Witch Hazel is the common name for a distillation made from a shrub (Hamamelis virginiana). Witch Hazel distillate was invented by Native Americans as a treatment for cuts, bites, and sore muscles. Today it is commonly used as an astringent and for its antiseptic properties. Ingrown hairs are more common among curly haired people than those with straight hair, as they are caused by the curled hair growing back into the hair follicle. Witch Hazel will not cure the ingrown hair, but it can be used for relief and as a preventative.
Witch Hazel to Relieve Ingrown Hairs
Measure 2.5 ounces of witch hazel hazel into a small measuring glass or cylinder. Transfer into a 10 ounce plastic bottle.
Add eight aspirin tablets to the bottle. Close the cap and shake the bottle thoroughly.
Measure out 5.5 ounces of rubbing alcohol into a small measuring glass or graduated cylinder. Pour it into the other 10 ounce plastic bottle.
Add 18 aspirin tablets to the bottle of alcohol. Twist the lid shut and shake thoroughly.
Let the bottles sit, shaking periodically until most of the aspirin has dissolved. Not all of it will.
Shake the alcohol bottle, then pour the contents of the alcohol bottle into the witch hazel bottle.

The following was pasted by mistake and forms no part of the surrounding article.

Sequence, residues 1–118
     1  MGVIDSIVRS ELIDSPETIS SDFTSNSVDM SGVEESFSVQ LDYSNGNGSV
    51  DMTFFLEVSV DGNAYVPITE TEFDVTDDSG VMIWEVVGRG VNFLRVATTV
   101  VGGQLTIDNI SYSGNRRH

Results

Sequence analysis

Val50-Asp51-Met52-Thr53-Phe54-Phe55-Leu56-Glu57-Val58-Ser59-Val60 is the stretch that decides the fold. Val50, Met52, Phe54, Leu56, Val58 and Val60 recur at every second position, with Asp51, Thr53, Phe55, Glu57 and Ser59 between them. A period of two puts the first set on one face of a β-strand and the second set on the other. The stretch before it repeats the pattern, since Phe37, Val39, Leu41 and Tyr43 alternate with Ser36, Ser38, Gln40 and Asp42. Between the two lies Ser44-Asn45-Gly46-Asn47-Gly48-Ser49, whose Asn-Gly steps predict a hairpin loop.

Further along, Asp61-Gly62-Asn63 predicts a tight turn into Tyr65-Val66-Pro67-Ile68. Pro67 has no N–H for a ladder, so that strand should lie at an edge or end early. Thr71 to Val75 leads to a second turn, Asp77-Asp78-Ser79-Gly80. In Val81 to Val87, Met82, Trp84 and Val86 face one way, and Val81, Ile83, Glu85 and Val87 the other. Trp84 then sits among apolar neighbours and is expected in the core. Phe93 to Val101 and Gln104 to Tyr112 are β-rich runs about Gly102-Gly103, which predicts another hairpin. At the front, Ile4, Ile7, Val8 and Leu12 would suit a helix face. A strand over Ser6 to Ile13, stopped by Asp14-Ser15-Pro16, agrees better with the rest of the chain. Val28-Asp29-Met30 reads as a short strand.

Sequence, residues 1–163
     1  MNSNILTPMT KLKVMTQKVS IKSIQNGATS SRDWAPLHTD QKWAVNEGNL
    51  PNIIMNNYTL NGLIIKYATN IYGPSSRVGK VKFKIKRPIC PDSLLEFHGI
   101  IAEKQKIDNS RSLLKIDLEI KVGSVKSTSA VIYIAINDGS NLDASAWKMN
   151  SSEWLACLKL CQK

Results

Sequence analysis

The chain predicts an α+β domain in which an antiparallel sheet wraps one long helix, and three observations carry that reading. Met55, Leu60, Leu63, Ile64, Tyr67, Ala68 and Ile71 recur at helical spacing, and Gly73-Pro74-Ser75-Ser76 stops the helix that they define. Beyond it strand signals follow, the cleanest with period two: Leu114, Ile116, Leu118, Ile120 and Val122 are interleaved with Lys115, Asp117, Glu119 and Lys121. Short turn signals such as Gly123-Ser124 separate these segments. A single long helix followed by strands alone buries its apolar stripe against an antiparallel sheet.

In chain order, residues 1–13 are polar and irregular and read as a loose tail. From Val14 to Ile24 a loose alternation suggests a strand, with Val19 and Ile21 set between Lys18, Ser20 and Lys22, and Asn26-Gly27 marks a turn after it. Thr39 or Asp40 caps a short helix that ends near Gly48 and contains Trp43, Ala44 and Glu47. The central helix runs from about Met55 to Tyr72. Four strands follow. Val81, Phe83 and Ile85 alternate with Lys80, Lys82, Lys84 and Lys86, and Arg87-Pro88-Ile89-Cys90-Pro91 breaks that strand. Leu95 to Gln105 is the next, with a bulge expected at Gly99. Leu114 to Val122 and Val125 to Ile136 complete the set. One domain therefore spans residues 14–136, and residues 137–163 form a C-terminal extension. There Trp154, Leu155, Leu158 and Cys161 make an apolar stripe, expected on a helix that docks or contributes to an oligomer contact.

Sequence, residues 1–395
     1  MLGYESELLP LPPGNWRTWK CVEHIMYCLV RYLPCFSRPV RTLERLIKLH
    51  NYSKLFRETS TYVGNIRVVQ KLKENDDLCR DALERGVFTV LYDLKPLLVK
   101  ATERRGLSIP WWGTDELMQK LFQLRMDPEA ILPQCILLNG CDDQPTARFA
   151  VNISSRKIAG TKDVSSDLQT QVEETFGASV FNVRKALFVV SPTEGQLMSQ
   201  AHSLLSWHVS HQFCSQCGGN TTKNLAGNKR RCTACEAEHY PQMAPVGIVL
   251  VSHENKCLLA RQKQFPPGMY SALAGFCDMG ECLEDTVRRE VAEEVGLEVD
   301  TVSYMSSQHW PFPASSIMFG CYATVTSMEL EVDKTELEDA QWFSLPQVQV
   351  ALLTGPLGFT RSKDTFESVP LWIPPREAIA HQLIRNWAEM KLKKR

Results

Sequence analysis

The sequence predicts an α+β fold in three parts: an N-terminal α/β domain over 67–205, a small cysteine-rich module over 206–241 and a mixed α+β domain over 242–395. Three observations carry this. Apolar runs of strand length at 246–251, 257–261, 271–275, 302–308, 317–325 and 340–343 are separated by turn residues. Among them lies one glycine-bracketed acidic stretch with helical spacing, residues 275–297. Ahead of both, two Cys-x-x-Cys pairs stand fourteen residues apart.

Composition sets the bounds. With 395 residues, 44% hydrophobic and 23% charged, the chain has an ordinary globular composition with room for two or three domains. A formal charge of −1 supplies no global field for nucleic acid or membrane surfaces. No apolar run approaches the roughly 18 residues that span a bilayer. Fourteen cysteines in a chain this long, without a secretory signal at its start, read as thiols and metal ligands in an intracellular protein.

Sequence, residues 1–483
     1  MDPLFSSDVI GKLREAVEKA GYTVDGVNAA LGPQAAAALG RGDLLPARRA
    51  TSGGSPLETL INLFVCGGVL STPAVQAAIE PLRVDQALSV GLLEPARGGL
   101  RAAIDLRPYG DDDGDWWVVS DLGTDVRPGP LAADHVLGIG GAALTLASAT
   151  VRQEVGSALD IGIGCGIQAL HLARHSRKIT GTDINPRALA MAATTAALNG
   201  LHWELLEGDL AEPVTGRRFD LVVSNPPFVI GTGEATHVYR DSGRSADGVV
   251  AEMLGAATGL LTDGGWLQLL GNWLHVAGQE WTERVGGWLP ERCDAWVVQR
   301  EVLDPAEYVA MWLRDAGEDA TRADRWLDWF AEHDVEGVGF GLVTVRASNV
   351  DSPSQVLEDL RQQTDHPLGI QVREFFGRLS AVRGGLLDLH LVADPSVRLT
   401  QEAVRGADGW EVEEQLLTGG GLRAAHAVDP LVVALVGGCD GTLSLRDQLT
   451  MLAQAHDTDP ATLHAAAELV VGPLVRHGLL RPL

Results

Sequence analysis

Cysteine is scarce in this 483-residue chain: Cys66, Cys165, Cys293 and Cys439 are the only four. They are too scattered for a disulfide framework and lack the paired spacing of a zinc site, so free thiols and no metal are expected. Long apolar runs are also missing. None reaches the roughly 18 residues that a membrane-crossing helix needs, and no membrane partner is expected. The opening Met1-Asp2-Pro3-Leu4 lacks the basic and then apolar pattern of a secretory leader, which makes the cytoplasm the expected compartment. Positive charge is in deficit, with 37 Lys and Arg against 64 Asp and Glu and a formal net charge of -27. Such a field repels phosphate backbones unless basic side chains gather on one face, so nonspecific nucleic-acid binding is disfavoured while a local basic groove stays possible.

Wet a cotton swab with the mixed liquid. Wipe the swab over the ingrown hair to relieve the affected area.
Using Witch Hazel to Prevent Ingrown Hairs
Hold a clean hand towel under hot running water before you shave. Press the towel to the area to be shaved until you feel that your skin has warmed up. This softens the hair. Cup some hot water in your hands and splash it onto the area to be shaved.
Shave the hair with a sharp, single blade razor. Always shave in the direction the hair is growing.
Wet a cotton ball with some witch hazel and dab it onto the freshly shaved skin.
Darby Stevenson began writing in 1997 for his high-school newspaper, the "Alsea Valley Voice," which won him statewide awards for Best Feature Article and Best Personality Interview. He holds a Bachelor of Arts in international studies and a Bachelor of Arts in religious studies from the University of Oregon.
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